Raids on Australian journalists who reported government plans to spy on citizens and alleged killings of unarmed people in Afghanistan by Australia’s military could land reporters in jail, with police broadening the scope of their investigations.
The journalists could be charged with holding classified information, including that provided by David McBride, a whistleblowing former military lawyer. He is charged over the alleged leaks to Australian Broadcasting Corporation (ABC) journalists Dan Oakes, Sam Clark and Chris Masters. He has pleaded not guilty, but could face life if convicted.
The raid of public broadcaster ABC’s headquarters came a day after the Australian Federal Police (AFP) searched the Canberra home, computer and cellphone of Sunday Telegraph of Sydney Political Editor Annika Smethurst, who had reported on government plans to expand the scope of surveillance to Australian citizens for the first time.
Police claimed the raids were not related to each other, or to the change of government in Canberra. Nevertheless the searches drew scathing criticism from media organisations and press freedom groups around the world.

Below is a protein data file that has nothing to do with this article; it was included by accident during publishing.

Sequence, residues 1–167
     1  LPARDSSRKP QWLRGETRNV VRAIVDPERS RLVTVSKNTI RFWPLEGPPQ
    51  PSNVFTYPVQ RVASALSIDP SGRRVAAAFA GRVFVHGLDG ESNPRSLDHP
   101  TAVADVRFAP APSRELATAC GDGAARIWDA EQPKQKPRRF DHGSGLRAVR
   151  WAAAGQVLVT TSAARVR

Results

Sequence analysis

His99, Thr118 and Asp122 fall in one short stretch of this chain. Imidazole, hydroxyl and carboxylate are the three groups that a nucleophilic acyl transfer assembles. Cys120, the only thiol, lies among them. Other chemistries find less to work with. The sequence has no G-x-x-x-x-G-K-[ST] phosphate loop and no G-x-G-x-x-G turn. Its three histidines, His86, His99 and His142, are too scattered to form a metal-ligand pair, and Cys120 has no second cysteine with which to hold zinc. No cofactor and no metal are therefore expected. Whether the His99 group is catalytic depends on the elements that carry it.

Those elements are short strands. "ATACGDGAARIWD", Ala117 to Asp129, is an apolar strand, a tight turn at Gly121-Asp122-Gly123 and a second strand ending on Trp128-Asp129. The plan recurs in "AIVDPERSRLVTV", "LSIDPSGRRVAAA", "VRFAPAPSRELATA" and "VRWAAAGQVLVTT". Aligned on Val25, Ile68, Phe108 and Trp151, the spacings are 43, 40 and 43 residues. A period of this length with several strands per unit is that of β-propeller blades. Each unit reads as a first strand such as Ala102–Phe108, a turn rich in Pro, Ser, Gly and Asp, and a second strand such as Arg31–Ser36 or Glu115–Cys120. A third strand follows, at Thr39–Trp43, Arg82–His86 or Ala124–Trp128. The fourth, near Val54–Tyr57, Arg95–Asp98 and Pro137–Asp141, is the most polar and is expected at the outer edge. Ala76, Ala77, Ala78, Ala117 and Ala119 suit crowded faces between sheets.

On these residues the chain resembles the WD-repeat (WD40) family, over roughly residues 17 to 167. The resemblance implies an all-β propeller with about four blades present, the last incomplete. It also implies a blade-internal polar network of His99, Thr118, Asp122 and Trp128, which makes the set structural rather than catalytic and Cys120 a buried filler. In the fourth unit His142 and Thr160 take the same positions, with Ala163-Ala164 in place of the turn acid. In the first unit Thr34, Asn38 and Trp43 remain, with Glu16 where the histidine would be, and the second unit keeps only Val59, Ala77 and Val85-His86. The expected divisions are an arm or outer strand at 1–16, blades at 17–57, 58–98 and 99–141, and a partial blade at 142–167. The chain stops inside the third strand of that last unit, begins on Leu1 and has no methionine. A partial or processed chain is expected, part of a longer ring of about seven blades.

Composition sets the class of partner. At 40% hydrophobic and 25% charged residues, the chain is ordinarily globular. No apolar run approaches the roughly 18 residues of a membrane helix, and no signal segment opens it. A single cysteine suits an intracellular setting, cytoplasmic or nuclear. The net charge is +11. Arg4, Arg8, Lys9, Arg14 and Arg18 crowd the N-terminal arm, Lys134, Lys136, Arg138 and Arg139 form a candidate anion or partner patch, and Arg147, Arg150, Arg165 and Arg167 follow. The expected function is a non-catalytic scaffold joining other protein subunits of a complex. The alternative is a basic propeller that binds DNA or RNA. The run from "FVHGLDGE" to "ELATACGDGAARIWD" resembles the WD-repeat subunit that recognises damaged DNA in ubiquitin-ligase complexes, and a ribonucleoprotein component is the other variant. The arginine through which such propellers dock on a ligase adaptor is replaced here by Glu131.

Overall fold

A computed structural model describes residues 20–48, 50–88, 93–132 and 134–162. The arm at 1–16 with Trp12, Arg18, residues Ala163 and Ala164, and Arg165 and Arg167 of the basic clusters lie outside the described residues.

After first saying the raids were aimed at probing alleged crimes of leaking classified information, suggesting journalists wouldn’t be targeted, police changed a statement on their website to include the possible crimes of receiving national secrets.
The stories were based on hundreds of pages of secret Defence Force documents leaked to the ABC which suggested Australian special military troops had allegedly committed war crimes in Afghanistan involving the killing children and other civilians.
In the Smethurst case, News Corp said the raid was over her article about plans to spy on Australians’ emails, text messages and bank accounts. At ABC headquarters, where officials live-tweeted the police sweep, it was reported that some 9,000 computer files were examined.
The BBC, joining widespread criticism, said the police action was “deeply troubling,” and the left-leaning Green Party, an influential bloc in the Senate, asked for an inquiry.
“The raids this week highlight just how dangerous it is to expose government wrongdoing in Australia,” said Emily Howie, a legal director at the Human Rights Law Centre. “Espionage offences should protect Australians from grave harm, instead they go too far and criminalize public interest journalism and brave whistleblowers,” she told Reuters.
Acting police commissioner Neil Gaughan defended the raids and said there might be more, unapologetic. “I reject the allegation … that we are trying to intimidate journalists,” he said.
“I’m not going to rule in or rule out anyone being subject to further charges. We haven’t made a decision, one way or the other,” he said when asked if journalists could be charged as part of the investigation.